If you’re being introduced to children, particularly younger children, be aware that they may be called by an informal ‘nickname’ by their parents or relatives. (Literally, it’s a ‘little name’ or ‘baby name’, otherwise known as小名xiǎo míng or 乳名rǔ míng ).

This is a name mainly used in childhood, and will likely be a more affectionate variation of their given name, although this is not always the case. Two examples would be 贝贝bèi bèi or 淘淘táo táo. If the child is still relatively young, it is generally acceptable to follow the parents’ example and to call them by their 小名. If the child in question is much older, then it would be more respectful to the child to refer to them by their formal name.

– Elderly people

This depends entirely on your own age and the ages of the people you will associate with socially. However, when greeting those who are significantly older than you, never refer to them directly by name. Contrary to most European or American cultures, this is considered extremely disrespectful in Chinese culture, so you should be careful not to start off on the wrong foot from the introduction. This rule applies regardless of how good or how informal your relationship with the person in question is.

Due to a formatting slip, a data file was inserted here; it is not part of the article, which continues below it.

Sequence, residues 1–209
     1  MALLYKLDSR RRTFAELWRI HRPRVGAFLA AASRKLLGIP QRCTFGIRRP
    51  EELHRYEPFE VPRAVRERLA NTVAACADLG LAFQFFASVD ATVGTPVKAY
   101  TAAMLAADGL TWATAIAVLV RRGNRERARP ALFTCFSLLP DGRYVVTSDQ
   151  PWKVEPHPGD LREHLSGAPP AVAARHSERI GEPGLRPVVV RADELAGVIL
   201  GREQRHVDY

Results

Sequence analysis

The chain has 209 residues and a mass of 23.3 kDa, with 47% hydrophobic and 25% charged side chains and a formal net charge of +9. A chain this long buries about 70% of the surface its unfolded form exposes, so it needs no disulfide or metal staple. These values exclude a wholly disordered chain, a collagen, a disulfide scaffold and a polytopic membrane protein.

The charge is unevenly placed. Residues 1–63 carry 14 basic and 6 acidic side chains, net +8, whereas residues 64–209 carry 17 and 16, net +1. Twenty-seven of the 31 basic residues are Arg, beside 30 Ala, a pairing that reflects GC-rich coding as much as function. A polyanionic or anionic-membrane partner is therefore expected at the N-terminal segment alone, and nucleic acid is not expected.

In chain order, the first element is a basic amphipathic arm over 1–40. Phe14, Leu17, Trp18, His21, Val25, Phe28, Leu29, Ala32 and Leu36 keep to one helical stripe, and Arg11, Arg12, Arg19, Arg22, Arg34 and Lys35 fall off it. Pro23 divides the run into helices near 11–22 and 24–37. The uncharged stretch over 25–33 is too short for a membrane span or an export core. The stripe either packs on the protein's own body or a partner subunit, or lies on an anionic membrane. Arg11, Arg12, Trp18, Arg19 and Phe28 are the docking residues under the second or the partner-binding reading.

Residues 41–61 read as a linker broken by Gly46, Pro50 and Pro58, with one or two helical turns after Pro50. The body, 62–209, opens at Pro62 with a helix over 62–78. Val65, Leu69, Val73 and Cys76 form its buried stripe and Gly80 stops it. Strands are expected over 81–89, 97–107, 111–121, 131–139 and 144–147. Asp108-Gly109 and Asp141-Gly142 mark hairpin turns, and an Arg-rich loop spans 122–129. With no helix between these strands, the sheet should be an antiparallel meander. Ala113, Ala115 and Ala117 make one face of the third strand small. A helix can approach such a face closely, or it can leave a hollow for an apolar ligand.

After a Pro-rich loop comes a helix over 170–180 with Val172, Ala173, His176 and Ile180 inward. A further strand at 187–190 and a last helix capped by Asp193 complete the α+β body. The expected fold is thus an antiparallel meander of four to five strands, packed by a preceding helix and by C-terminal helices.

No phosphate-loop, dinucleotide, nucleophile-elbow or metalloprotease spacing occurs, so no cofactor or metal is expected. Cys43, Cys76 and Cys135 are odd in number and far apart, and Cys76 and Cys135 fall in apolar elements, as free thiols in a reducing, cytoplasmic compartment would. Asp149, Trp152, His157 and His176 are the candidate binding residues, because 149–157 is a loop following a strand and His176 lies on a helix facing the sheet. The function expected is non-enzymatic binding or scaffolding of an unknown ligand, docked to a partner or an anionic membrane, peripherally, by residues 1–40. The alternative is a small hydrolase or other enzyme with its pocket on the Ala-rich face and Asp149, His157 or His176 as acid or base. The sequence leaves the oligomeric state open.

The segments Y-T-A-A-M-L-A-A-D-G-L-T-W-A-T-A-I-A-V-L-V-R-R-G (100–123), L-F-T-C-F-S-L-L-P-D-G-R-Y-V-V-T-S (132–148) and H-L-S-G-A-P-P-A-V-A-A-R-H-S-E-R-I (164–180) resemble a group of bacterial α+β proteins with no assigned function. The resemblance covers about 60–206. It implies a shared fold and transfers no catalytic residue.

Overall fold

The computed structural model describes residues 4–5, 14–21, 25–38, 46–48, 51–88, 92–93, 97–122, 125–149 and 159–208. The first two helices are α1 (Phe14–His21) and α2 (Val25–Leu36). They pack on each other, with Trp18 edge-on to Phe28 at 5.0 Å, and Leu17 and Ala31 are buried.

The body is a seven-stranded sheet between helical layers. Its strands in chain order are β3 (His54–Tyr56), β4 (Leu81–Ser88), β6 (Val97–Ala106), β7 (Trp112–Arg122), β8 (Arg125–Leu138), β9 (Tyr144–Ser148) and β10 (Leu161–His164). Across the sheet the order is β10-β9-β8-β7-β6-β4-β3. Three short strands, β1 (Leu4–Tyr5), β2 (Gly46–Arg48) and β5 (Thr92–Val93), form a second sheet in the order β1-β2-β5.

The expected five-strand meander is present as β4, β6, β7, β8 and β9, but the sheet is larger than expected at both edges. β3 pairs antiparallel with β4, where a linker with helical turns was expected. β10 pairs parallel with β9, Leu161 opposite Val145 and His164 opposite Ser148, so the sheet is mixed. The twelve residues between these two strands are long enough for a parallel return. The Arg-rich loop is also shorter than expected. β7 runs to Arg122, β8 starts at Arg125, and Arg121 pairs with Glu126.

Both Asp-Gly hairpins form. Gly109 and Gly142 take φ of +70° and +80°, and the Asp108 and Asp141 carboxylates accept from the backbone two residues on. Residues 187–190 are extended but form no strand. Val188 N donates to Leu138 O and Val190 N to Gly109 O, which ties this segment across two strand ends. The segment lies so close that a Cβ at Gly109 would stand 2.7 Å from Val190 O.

Instead, the most appropriate way to refer to someone older than you is to pretend that they are your family.

Consider their age: are they around the same age as your parents? Or perhaps they are older and more like your grandparents? If they belong to the former category, then it would easiest to imagine yourself to be of the same status as a niece or nephew and refer to them as 叔叔shūshu ‘uncle’ or 阿姨 ā yí ‘aunt’. If they are the latter, then it would be easiest to refer to them by the names used for your paternal grandparents, namely: 爷爷yé yé and 奶奶nǎi nai.

On the other hand, if you are being introduced to the relatives of a friend, then it would be simplest (and safest) to simply mimic the way your friend addresses them, assuming that your friend is of a similar age to you. The exception is, of course, with your friend’s parents, who would be your 叔叔 and 阿姨, rather than 爸爸bà ba (‘Dad’) and 妈妈mā mā(‘Mum’).


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– At work